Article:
The European Commission's investigation into the cartel conducted by various banks to manipulate exchange rates resulted in a fine of € 1.07 billion for five institutions.
Citigroup was the target of the highest fine (310.8 million euros). Royal Bank of Scotland (€ 249.2 million), JPMorgan (€ 228.8 million), Barclays (€ 210.3 million) and Mitsubishi UFJ Financial (€ 70 million) are the other four banks involved.
The investigation showed that these banks participated in two cartels on the foreign exchange market, with 11 currencies: euro, British pound, yen, Swiss franc, US dollar, Canadian dollar, New Zealand dollar, Australian dollar, Danish krone, krona Swedish and Norwegian krona.
In the first cartel, called "Forex – Three Way Banana Split", fines of 811.197 million euros were imposed. In the second, called "Forex-Essex Express", the fines amounted to 257,682 million euros.
UBS was also involved in this currency manipulation scheme, but was not fined for being the first to report the matter to the authorities. The other five banks were fined lower than initially thought because financial institutions agreed to conclude an agreement on these amounts and not to appeal.
The total value of the fines set by the European Commission is lower than another scandal with an epicenter on the financial markets. Five years ago, five banks were fined EUR 1.3 billion for manipulating Euribor rates (the interbank market that serves as a benchmark for determining mortgage rates). As Bloomberg points out, the fine applied in the case of currency manipulation is far below the highest fine ever set by Brussels. A fine of 3.8 billion euros was imposed on the companies involved in the truck cartel.
There have been several scandals of currency market manipulation that have prompted regulators to apply fines of millions of dollars to banks in recent years. In 2015, the US Department of Justice imposed fines of $ 5.6 billion on six world banks: Citigourp, JP Morgan Chase, Barclays, Royal Bank of Scotland, UBS and Bank of America. Many are the same who are now fined in Europe.
According to Bloomberg, currency manipulations prompted regulators to charge $ 11.8 billion in fines to 12 financial institutions. They also had to pay $ 2.3 million to affected customers.
Chat rooms and train journeys
In the statement announcing the fines to banks, the European Commission demonstrated how the schemes that the banks' traders involved implemented between 2007 and 2013 worked.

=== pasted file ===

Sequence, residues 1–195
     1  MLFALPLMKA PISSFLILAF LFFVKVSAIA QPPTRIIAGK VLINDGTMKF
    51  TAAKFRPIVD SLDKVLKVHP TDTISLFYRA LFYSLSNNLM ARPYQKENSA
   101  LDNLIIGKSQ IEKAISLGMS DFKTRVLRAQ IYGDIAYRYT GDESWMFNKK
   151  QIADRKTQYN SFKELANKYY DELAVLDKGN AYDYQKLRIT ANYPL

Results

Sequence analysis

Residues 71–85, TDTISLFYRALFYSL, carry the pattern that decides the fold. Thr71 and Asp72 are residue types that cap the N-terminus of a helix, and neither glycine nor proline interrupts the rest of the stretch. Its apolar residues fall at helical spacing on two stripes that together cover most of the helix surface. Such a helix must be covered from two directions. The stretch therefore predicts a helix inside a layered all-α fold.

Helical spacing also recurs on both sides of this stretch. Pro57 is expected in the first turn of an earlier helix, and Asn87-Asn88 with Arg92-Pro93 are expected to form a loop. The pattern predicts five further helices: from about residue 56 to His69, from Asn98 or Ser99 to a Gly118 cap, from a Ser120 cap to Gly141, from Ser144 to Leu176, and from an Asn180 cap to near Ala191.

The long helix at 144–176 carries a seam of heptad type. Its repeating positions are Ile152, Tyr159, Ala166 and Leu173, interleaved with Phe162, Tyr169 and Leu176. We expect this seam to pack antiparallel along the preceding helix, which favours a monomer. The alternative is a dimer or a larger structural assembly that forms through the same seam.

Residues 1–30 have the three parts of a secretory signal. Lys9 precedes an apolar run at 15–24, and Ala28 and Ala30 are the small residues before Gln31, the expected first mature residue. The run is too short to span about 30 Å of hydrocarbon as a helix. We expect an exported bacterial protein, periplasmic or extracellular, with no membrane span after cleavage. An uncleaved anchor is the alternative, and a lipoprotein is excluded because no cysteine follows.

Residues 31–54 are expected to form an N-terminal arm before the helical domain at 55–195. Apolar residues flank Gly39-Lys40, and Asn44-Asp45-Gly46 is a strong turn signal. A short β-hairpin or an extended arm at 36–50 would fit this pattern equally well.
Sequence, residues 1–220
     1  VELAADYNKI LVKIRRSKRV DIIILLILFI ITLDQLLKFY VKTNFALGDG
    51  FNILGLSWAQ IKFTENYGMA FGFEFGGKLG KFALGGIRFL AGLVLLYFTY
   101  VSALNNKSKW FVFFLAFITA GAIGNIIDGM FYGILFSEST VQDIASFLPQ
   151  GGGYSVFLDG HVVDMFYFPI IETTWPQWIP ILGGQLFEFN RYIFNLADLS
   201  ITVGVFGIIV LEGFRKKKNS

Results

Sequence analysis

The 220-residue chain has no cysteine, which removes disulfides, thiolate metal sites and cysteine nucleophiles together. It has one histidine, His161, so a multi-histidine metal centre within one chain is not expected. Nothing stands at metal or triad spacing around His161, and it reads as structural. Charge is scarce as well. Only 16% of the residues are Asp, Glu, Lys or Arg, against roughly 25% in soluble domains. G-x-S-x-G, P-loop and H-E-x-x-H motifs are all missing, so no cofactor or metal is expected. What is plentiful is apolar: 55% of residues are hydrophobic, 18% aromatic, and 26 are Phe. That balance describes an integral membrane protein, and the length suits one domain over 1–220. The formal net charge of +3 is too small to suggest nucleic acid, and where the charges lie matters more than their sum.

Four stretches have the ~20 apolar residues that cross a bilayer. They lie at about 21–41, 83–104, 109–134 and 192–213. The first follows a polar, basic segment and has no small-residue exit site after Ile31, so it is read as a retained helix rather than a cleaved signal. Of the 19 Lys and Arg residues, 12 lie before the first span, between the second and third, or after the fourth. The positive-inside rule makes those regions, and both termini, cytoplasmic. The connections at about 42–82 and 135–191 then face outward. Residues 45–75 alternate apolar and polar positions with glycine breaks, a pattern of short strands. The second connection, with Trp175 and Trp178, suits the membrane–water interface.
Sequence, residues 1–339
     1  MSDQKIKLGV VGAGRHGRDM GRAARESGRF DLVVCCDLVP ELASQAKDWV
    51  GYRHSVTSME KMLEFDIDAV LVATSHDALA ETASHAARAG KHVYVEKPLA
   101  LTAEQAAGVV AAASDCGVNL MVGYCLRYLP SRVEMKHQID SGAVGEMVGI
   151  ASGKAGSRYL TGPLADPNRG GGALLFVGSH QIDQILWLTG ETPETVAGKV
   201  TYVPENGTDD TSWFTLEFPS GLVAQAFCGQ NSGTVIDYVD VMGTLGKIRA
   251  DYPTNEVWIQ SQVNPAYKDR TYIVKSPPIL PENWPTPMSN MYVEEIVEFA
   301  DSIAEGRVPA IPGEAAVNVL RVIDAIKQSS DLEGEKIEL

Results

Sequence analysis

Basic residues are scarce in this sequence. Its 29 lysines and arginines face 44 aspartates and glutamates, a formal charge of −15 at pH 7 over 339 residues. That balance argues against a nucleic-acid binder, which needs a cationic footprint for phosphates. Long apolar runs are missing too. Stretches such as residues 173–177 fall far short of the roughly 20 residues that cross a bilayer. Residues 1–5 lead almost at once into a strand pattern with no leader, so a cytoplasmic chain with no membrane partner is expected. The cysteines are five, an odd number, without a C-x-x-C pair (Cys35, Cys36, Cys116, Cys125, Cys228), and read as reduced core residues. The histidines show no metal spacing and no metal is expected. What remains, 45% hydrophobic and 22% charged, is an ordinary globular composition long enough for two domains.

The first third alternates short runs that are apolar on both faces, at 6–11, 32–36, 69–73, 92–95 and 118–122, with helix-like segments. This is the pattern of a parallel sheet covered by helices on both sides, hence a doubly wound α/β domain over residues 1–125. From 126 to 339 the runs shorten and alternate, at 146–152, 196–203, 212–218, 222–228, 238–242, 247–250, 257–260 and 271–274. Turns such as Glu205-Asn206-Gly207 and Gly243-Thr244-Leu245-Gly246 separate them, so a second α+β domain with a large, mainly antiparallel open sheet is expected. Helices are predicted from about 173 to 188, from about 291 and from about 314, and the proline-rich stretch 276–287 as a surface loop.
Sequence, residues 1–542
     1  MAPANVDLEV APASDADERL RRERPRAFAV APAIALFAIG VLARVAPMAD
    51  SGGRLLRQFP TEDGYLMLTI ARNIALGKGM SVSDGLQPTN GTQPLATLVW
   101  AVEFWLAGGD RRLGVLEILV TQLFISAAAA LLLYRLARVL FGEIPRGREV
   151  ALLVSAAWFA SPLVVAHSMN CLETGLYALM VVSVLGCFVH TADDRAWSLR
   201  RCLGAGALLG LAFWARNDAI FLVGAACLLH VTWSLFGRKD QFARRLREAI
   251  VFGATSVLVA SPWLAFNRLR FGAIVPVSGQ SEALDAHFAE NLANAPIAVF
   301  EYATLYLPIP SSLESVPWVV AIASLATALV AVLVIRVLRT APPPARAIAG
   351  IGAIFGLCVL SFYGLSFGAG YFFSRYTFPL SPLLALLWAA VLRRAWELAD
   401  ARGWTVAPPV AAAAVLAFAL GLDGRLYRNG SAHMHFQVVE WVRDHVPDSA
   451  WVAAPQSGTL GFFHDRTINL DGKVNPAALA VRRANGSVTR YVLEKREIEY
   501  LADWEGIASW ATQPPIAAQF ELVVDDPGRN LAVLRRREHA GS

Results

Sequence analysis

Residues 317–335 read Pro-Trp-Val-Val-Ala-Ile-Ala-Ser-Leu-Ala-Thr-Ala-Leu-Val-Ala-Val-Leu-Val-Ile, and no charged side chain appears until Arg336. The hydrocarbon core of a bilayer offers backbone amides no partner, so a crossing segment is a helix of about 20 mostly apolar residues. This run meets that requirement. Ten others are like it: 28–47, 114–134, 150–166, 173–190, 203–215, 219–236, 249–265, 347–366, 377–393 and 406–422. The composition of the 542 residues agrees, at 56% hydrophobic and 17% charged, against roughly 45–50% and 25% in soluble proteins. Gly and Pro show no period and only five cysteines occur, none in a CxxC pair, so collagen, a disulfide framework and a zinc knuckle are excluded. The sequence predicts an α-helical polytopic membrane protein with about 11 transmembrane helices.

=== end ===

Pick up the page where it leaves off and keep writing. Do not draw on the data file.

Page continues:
The Commission's investigation shows that some traders in the foreign exchange market exchanged sensitive information among themselves, made public the transactions they were going to carry out and occasionally coordinated their trading strategies through different professional chat rooms. "
Through these online conversion rooms, the traders involved in these two cartels received relevant information that allowed them to manipulate the exchange rates of different currencies. Knowing in advance what the "transactions" of the competing banks would be, it was easier to make a decision as to whether it would be better to sell or buy the currencies they held.
Brussels also noted that several of the operators involved in this scheme often used a practice known as "dropping out", which meant that they had to come out of the market so as not to interfere with the activities of colleagues who were in the scheme.
The chat rooms, especially the Bloomberg terminal, were the most common meeting place for operators to exchange information with each other.
But many of the operators involved in the scheme also developed a personal relationship. One of the cartels was named after Essex Express because many of the traders lived in Essex and traveled by train on trips to the City of London, where they worked. The daily exchange of information started on the train and went through the chats, with operators also taking the opportunity to discuss the most diverse topics (personal and professional).
Margrethe Vestager, European Commissioner for Competition, said in a statement that "the behavior of these banks undermined the integrity of the sector at the expense of the European economy and consumers."
With the fine applied today, "we left a clear message that the Commission does not tolerate behavior in any sector of the financial markets," said the European Commission's presidential candidate and noted that forex is one of the largest markets in the world , with transactions of many billions of euros & # 39; s per day.
(news updated at 12:10 PM with more information)